A Daze of Roses
July 28 through August 21, 2021
Curated by Robert Curcio
By SIBA KUMAR DAS, August 2021
Originating most likely in central Asia, the rose’s evolution has spanned some 35 million years. A species that has undergone immense diversification, it is hardy and successful and has generated ideas and products in practically all cultures. An expanding symbolic universe with galaxies in many regions has arisen from the rose’s qualities---its beauty, shape, and scent included.
“A Daze of Roses” brings together art works by thirteen contemporary artists. At a time when we are overwhelmed by crisis upon crisis and we struggle for light, the Mizuma & Kips show is a necessary beacon
Light fills Claudine Anrather’s “Country Rose” as well as Claire McCconaughy’s “Wild Roses Jamaica Bay Wildlife Refuge.” Art history’s children, both paintings respond to the contemporary world by breaking an artificial wall between ourselves and nature. We are nature’s creations and yet when we look at the world, we see it through metaphors and other human creations. This is a mysterious symbiosis, which both artists express through glorious color---the one metamorphosing roses as still life, the other situating them in landscape.
Judy Mannarino’s paper clay sculpture “Untitled PB” will make you think of the symbol-loaded figure of a woman with a head of roses that Salvador Dali used in several paintings and sculptures. Seeing Edward Giordano Jr’s sculpture “Mediator” with its rose-red head, neck, and shoulders, you may be similarly transported. That surrealism is still alive as a muse is also confirmed by Sajal Sarkar’s “Third Eye.” This blue flower-like eye floating on a roseate biological sea may speak to you of Shiva’s all-knowing third eye or of the Cosmic Rose linked with his consort. A search for solace in a turbulent world: that is what the painting symbolizes. Another quasi-surrealistic painting is Paul Brainard’s “Song for Last Exit” --- truly a riddle. What is that set of teeth, a skull’s remnant, doing in this non-figurative landscape dominated by roseate colors? And that exit sign? Is it beckoning us to an enigmatic, deep space that makes you think of Yves Tanguy?
A riddle is what Gregory de la Haba gives us in “Portrait of Gabriel,” a homeless person who arrived in New York on 16 March 2020 just as the city was closing. His smile and twinkling eye light up a face scarred by multiple piercings, and he appears to see the world through a veil of street art, the entire picture bathed in red and dark pink. Gabriel should be distressed and downcast but he’s not---a startling paradox. Contradictions also permeate Frodo Mikkelsen’s two “Summertime” paintings, quasi-surrealistic works that allude to pop art and vanitas still-life intimations of ephemerality and mortality. In each, a human skull lurks behind sprigs of roses painted to look as black cutouts---the imagery offset by a roseate depth-producing space.
Affinity with pop art drives the art of both Michael Netter and John Grande. A self-taught artist, Netter, in the early 1970s, was an Andy Warhol protégé. Seeing his “Artwear Jacket” (Netter makes fashion apparel in addition to video art, paintings, and assemblages) you might discern a Warhol-like effect. In his “Cane” paintings, he strikes out on his own, making us see the mundane rosebush trunk as itself a beautiful thing. In “Kalopsia,” John Grande makes unusual juxtapositions to suggest a conflation of two alternatives. Either the rose is not as beautiful as people think it is or when a rose’s beauty moves you, you are using eyes that are themselves beautiful. Grande’s roses are beautifully painted. When I say that, am I in a state of kalopsia?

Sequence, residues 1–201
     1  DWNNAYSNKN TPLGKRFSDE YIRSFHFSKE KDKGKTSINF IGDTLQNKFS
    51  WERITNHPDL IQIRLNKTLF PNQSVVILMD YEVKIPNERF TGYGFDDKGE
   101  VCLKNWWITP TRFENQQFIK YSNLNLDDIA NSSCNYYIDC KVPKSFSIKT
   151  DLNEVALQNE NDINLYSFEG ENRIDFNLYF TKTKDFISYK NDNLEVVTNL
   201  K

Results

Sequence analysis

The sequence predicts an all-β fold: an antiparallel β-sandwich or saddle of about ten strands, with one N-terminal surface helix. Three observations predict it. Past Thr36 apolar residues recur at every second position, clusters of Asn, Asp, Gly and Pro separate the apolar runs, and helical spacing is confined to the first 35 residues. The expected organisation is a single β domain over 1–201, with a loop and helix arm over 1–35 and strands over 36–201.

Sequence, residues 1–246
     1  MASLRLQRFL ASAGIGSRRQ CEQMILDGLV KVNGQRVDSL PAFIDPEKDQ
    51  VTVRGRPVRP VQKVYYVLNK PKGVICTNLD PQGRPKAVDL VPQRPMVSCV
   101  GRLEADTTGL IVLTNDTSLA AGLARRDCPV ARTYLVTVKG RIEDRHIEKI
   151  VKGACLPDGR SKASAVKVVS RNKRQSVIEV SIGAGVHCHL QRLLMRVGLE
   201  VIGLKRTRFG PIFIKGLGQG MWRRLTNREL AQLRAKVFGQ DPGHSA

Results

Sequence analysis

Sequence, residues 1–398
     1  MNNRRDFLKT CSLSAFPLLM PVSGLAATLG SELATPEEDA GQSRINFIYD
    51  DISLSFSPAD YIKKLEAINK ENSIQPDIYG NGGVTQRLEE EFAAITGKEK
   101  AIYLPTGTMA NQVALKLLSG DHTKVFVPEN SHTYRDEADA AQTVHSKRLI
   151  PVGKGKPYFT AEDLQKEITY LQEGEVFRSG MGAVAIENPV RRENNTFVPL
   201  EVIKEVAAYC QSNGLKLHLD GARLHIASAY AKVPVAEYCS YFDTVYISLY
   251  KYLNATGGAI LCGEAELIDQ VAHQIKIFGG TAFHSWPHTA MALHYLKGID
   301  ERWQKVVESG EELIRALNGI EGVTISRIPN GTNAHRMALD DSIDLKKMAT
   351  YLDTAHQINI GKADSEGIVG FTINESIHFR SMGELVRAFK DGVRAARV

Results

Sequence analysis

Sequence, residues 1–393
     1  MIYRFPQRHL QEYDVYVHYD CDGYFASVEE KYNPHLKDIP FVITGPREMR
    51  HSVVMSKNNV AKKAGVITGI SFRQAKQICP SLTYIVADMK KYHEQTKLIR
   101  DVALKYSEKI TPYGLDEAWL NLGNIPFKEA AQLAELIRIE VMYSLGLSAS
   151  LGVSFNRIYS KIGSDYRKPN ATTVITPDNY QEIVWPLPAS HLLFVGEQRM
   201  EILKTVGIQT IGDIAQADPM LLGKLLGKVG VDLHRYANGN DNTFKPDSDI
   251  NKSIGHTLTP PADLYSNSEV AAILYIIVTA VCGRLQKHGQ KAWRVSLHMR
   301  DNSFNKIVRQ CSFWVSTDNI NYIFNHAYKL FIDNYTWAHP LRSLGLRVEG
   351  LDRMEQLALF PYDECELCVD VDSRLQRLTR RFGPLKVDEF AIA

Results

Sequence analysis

Augustus Goertz and Bobbie Moline-Kramer also thrive in enigma and ambiguity, pursuing their separate ways. The former titles his piece in the show “A Rose is not a Rosé is not a Rosé!” but, of course, the enchanting rose-pink color dominating the painting suggests that a rosé is a rosé. Notice how the artist utilizes his trompe l’oeil canvas folds to create a semblance of structure for the dark central area where flecks of rose-pink paint float. Are these flecks rose petals? In “The End of the Beginning” Moline-Kramer creates another world of complex feeling. You may even discern, underneath the lower grey-blue cloud, the memory of a human face. The Japanese-style signature blocks in rose-lacquer color draw your attention to the mysterious crows. Are they omens? If a beginning ends, what comes after? The rose is ephemeral. The rose endures.
Julia Blume “breaks down the false dichotomy of ‘humans’ and ‘nature’ in her work.” These are Blume’s own words, which signify an affinity with the art of Anrather and McConaughy, who too break the wall, as we have seen. In “The Rose: The Trellis Creeps to the Wilds,” Blume’s plaster and polyester sculpture, the trellis from which her faux silk roses spring has already metamorphosed into a bizarre vegetable that flaunts its flamboyant artificial coloring. Here too ambiguity is at work.
“A Daze of Roses” tells us that the rose is still a powerfully seductive muse. It is also telling that much of the art it catalyzes lives in ambiguity and even doubt. The surrealists helped us see the mystery of the world. We still need to nourish that sense of mystery. Art cannot solve our problems but it can influence sensibility and give us new eyes. WM
Siba Kumar Das is a former United Nations official who writes about art. He served the U.N. Development Program in New York and several developing countries. He now lives in the U.S., splitting his time between New York City and upstate New York. He has published articles on artists living in the Upper Delaware Valley, and is presently focusing on art more globally. Recent articles have appeared in dArt International, Arte Fuse, and Artdaily.com.view all articles from this author